The lowest possible radiation dose consistent with acceptable diagnostic image quality should be used. Radiation doses should be determined periodically based on a reasonable sample of pediatric examinations. Technical factors should be appropriate for the size and the age of the child and should be determined with consideration of parameters such as characteristics of the imaging system, organs in the radiation field, lead shielding, etc. Guidelines concerning effective pediatric technical factors are published in the radiologic literature.

Equipment monitoring should be in accordance with the "ACR Technical Standard for Diagnostic Medical Physics Performance Monitoring of Radiographic and Fluoroscopic Equipment" (see the ACR Web site External Web Site Policy).

Institute of Medicine (IOM) National Healthcare Quality Report Categories

IOM Care Need
Getting Better
Living with Illness
IOM Domain
Effectiveness
Safety

Identifying Information and Availability

Bibliographic Source(s)
American College of Radiology (ACR), Society for Pediatric Radiology (SPR). ACR-SPR practice guideline for the performance of contrast esophagrams and upper gastrointestinal examinations in infants and children. [online publication]. Reston (VA): American College of Radiology (ACR); 2010. 6 p. [10 references]
Adaptation

Not applicable: The guideline was not adapted from another source.

Date Released
1997 (revised 2010)
Guideline Developer(s)
American College of Radiology - Medical Specialty Society
Society for Pediatric Radiology - Medical Specialty Society
Source(s) of Funding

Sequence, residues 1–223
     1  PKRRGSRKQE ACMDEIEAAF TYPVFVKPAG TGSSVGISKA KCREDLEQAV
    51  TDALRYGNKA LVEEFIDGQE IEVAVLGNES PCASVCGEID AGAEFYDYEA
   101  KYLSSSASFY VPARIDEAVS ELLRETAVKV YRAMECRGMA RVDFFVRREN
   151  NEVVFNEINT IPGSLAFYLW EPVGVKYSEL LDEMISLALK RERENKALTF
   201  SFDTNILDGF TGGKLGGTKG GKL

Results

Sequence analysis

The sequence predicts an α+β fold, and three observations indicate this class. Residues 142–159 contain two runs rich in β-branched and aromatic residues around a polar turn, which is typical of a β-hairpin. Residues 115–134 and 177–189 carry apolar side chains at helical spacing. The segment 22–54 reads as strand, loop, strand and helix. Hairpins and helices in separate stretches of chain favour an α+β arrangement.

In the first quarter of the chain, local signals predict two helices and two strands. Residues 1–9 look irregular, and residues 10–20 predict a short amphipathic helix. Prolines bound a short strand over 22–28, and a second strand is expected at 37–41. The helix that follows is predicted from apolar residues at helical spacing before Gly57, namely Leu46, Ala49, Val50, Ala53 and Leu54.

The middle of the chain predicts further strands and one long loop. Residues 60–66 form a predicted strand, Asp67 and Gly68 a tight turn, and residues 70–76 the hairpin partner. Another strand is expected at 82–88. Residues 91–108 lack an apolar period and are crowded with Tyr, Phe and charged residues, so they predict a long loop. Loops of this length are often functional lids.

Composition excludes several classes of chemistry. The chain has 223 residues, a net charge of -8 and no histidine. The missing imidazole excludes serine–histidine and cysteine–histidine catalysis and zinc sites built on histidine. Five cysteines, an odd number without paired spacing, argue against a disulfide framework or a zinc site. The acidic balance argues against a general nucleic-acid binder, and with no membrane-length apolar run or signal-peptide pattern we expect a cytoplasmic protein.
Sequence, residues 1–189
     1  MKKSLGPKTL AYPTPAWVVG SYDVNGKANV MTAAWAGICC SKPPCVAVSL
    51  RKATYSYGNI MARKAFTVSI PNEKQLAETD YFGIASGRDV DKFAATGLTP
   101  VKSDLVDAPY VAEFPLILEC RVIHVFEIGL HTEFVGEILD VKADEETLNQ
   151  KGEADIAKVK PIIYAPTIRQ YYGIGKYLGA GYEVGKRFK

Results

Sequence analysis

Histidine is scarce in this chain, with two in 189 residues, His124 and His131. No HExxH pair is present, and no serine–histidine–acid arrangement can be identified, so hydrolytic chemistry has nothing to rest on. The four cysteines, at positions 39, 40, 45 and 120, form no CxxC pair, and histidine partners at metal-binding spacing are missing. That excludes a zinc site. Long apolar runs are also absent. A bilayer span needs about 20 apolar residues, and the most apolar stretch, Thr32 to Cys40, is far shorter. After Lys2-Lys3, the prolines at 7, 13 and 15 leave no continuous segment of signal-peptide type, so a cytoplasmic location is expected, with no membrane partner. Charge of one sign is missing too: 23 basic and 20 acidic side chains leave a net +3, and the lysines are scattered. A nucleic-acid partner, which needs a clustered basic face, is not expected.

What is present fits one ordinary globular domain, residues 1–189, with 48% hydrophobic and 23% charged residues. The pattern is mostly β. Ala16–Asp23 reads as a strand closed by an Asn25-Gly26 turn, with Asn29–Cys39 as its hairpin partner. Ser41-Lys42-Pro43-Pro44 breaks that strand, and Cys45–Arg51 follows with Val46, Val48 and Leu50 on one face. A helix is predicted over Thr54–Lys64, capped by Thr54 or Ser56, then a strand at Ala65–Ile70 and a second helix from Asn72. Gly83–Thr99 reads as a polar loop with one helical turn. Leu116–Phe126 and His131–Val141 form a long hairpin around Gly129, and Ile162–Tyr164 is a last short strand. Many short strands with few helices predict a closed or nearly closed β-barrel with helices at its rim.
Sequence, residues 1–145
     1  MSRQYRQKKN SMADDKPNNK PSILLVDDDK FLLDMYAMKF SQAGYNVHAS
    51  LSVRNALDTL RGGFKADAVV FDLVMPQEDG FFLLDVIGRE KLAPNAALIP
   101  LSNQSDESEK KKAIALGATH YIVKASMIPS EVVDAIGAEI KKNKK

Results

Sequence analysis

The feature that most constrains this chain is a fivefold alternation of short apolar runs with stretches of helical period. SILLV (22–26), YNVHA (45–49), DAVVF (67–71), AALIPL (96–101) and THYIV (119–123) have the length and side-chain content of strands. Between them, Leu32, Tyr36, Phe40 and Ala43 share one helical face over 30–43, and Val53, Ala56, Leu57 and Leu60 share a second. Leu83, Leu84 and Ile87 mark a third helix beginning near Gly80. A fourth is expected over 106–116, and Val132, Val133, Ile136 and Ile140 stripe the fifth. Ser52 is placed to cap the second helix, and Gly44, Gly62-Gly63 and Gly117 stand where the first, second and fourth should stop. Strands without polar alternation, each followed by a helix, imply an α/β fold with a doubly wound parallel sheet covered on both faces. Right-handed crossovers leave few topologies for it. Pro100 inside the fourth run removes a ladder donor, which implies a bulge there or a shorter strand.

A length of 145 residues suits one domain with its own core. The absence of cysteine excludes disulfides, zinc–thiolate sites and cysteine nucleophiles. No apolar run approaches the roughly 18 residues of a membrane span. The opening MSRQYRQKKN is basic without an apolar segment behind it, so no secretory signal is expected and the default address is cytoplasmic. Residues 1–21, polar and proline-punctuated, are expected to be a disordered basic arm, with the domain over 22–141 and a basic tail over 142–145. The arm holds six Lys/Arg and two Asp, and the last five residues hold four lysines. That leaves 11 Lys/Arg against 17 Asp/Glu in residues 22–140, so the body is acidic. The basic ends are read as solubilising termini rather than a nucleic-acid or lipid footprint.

American College of Radiology

Guideline Committee

Guidelines and Standards Committee of the Commission on Pediatric Radiology

Composition of Group That Authored the Guideline

Principal Reviewers: Kimberly E. Applegate, MD, MS, FACR; Susan D. John, MD, FACR; Peter J. Strouse, MD

Collaborative Committee

American College of Radiology (ACR): Kristin L. Crisci, MD; Marta Hernanz-Schulman, MD, FACR

Society for Pediatric Radiology (SPR): Brenda C. Grabb, MD; Steven J. Kraus, MD; Beverley Newman, BSc, MB, BCh, FACR

ACR Guidelines and Standards Committee – Pediatric: Marta Hernanz-Schulman, MD, FACR, Chair; Taylor Chung, MD; Brian D. Coley, MD; Seth Crapp, MD; Kristin L. Crisci, MD; Eric N. Faerber, MD, FACR; Lynn A. Fordham, MD; Lisa H. Lowe, MD; Marguerite T. Parisi, MD; Laureen M. Sena, MD; Sudha P. Singh, MB, BS; Donald P. Frush, MD, FACR, Chair, Commission

Financial Disclosures/Conflicts of Interest

Not stated

Guideline Status

This is the current release of the guideline.

Guideline Availability

Electronic copies: Available in Portable Document Format (PDF) from the American College of Radiology (ACR) Web site External Web Site Policy.

Print copies: Available from the American College of Radiology, 1891 Preston White Drive, Reston, VA 20191. Telephone: (703) 648-8900.

Availability of Companion Documents

The following are available:

  • The process of developing ACR practice guidelines and technical standards. Reston (VA): American College of Radiology. Electronic copies: Available from the American College of Radiology (ACR) Web site External Web Site Policy.
  • Purpose and intended use. Reston (VA): American College of Radiology. Electronic copies: Available from the ACR Web site External Web Site Policy.
Patient Resources

None available

NGC Status

This NGC summary was completed by ECRI Institute on September 16, 2011.

Copyright Statement

Copyright © by the American College of Radiology, 1891 Preston White Dr., Reston, VA 20191-4397, 703-648-8900. All rights reserved. No reproduction of this material in any format, electronic or otherwise, is permitted except with prior written consent from the American College of Radiology.